An Interesting Idol.—Mons. Ballieu has been so fortunate as to secure a wooden god, which was quite recently discovered in a cave on the island of Hawaii, on the lower slopes of Mauna Kea. Continue reading
Hawaiian History, by Hawaiians.
The early history of all nations without a literature, is necessarily traditionary. That of the Hawaiians, previous to the advent of the missionaries, is of course derivable from the traditions handed down from father to son, of those families immediately attendant upon the chiefs, known by the term of kahus—literally, body attendants. These body servants constituted a class of themselves, and it was their province not only to wait on the chiefs personally, but to carefully commit to memory and to transmit to their successors, everything connected with the birth and lineage of their lords—quite after the style of the bards and harpers of olden times in Britain. Continue reading
The Lepers.—The active measures of the Board of Health to make another thorough examination of the Islands, for the purpose of staying the spread of leprosy, has attracted public attention to what is being done, in this matter of the public health. As the settlement at Molokai becomes thoroughly organized, and its comfortable provision for the lepers becomes better known, there is less dread and less unwillingness on the part of the suspected, to report themselves for examination. With a perseverance in the course adopted, the lepers throughout the Islands will soon be all gathered in and disposed of in the quarters assigned for their future residence. Continue reading
[Found under: “NU HOU KULOKO: Oahu.”]
Leprosy patients.—One day last week all the way to Tuesday of this week, there were [?? many] leprosy patients taken to Molokai from the hospital of Kalihi. There were an unprecedented number of patients who were [????], but because they could not stay mixed up with those a little better off, therefore they were set apart, to the island, the great Molokai of Hina, without thought [???] if they are saved, in that there are no doctors stationed at the home to which they were sent.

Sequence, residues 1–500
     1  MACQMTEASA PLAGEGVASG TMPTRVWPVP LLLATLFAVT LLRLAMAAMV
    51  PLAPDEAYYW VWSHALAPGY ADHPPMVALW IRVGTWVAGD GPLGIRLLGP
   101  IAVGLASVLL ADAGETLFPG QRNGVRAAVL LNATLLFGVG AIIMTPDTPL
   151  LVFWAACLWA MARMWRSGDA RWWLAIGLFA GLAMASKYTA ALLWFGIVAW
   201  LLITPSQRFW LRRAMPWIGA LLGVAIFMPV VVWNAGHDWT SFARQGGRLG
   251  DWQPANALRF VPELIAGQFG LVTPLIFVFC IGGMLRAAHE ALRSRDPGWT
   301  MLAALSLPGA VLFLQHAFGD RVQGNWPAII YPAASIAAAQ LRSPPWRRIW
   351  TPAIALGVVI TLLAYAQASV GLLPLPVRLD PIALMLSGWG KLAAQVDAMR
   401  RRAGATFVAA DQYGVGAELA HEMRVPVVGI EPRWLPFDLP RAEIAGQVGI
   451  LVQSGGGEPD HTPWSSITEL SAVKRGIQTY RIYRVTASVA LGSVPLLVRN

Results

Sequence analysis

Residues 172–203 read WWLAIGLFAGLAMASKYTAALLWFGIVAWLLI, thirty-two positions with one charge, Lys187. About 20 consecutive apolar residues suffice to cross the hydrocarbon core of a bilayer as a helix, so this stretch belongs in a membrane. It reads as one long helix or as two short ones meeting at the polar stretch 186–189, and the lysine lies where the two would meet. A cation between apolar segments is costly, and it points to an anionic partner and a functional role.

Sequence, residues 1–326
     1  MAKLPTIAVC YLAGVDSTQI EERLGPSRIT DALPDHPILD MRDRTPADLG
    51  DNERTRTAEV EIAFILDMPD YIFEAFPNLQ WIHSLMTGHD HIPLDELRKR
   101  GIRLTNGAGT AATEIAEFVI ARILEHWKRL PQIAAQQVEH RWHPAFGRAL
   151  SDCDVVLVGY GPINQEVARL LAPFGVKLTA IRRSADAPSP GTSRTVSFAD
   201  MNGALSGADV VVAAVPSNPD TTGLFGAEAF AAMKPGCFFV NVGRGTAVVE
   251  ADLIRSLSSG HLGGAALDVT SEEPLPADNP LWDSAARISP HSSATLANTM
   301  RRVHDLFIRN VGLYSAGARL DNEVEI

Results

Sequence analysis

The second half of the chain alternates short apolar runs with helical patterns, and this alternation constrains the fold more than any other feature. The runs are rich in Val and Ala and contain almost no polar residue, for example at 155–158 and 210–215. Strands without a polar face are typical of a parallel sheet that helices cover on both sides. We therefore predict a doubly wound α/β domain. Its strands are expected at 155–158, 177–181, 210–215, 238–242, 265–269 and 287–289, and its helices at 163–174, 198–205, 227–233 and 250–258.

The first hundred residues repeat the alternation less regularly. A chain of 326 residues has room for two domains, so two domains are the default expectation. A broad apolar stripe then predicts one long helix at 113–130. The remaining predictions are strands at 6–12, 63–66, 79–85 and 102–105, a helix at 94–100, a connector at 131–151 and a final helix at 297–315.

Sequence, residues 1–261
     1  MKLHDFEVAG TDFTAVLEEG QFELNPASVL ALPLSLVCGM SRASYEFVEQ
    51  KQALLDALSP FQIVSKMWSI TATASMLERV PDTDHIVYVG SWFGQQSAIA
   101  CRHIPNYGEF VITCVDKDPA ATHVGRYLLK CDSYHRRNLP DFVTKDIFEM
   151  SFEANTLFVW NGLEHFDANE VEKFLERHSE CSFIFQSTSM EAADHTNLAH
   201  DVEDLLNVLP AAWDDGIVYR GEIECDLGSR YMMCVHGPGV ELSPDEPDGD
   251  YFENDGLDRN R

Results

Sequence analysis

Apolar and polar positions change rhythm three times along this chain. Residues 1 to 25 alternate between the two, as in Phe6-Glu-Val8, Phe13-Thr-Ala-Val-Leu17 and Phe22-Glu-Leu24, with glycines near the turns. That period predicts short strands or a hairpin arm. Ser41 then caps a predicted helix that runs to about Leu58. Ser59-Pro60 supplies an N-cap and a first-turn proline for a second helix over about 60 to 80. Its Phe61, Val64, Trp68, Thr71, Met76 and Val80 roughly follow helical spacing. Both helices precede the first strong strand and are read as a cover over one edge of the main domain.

[This volume of the Kuokoa was obviously bound into a book, and unfortunately this article fell next to the tight binding, and so it is difficult to make out the words on the right edge. It is time that the newspapers were unbound and rescanned as clearly as possible.]
(Kuokoa, 9/26/1868, p. 2)
[From: “KE KUHIHEWA O NA HAIPULE.”]
Money is fine, but the love of money is the root of (evil) wrong. Continue reading
Population of the Hawaiian Archipelago.
In this issue, we put before as a free paper for our readers the population chart of these Hawaiian Islands for the year 1872. For those who understand the population chart, they will think that it is something valuable, but for those who think it has no value, we should probably cover the important aspects. Continue reading
Speedy is the tiny one.—This past week, a little child appeared at the Hawaii Post office who was perhaps six years old, his name being Keaweehu, from Hilo of the Kanilehua rain; Continue reading